Adult Guardianships – Extensive Legal Advice
Guardians make decisions for individuals who are unable to make decisions for themselves. Typically, these decisions relate to medical treatments, personal safety and other matters. They may even make important financial decisions if there is no established conservatorship.
The guardian is in a legal relationship with the incapacitated. It is an honor to serve as a guardian, but it can come with a lot of responsibilities. At Groshek Law PA in Minneapolis, we provide legal counsel to residents throughout the Twin Cities area. We can work with you side-by-side to ensure you meet the needs of your loved one.
Vital Decisions Made By A Loved One
Those who need a guardian may have developed a condition which hinders their ability to make competent decisions. Or, a lifechanging event has rendered them incapacitated. The courts will decide on whether an individual is component enough to adhere to their own life decisions or whether they need a guardian do it on their behalf.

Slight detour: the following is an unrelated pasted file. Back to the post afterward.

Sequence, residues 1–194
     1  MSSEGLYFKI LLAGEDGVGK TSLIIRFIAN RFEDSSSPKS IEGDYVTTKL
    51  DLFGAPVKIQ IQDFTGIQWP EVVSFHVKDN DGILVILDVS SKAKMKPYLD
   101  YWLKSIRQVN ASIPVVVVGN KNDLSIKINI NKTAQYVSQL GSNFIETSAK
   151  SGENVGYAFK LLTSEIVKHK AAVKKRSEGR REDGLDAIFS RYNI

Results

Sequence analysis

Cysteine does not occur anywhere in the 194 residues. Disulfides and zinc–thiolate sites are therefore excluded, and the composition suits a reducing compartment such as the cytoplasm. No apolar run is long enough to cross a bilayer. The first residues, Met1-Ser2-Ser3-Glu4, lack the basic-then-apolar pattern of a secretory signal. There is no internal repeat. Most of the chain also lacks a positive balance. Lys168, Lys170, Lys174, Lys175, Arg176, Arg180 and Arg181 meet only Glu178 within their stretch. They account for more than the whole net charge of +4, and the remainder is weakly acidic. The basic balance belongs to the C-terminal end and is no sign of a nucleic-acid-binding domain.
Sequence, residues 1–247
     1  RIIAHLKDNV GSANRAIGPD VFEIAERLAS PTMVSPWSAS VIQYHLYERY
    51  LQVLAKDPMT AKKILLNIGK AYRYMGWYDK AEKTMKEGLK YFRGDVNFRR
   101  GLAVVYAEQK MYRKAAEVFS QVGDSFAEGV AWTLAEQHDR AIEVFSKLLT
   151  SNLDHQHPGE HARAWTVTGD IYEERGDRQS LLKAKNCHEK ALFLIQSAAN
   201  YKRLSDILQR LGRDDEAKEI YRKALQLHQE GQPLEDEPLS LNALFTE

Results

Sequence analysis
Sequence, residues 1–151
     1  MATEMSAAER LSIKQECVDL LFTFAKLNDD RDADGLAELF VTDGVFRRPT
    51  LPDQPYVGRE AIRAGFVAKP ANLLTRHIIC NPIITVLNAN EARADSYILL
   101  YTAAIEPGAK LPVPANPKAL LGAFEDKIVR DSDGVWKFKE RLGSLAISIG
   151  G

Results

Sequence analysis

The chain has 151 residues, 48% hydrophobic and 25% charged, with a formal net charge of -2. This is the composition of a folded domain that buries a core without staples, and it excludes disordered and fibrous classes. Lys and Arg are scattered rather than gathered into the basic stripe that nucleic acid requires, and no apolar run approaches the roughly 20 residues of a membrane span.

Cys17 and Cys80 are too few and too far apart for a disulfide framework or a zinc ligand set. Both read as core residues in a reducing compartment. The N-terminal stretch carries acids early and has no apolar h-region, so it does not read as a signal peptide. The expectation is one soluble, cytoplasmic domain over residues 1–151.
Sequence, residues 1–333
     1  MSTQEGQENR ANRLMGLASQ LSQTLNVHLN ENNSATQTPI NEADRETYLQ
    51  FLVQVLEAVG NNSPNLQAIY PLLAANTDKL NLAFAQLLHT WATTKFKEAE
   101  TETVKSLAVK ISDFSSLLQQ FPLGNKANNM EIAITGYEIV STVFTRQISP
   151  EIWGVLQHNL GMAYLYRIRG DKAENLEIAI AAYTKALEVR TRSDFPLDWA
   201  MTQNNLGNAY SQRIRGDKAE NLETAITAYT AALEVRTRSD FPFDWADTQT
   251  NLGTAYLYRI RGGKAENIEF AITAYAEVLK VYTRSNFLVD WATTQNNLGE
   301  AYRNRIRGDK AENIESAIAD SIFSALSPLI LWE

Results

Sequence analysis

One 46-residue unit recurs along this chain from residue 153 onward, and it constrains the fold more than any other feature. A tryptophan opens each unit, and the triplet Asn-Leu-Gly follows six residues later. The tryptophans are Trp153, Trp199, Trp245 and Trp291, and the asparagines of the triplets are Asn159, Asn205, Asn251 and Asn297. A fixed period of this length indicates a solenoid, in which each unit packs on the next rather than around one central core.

For someone to be a guardian, they must meet the following qualifications:
- At least 18 years of age
- No felonies or gross misdemeanors related to dishonesty on their record
- Mental competence
If the incapacitated person has no wishes for a guardianship, the courts will usually appoint one of the following as a guardian:
Guardians are not expected to make every decision in the life of the incapacitated. But they do bear an important responsibility to ensure the safety of the individual and, at times, their assets.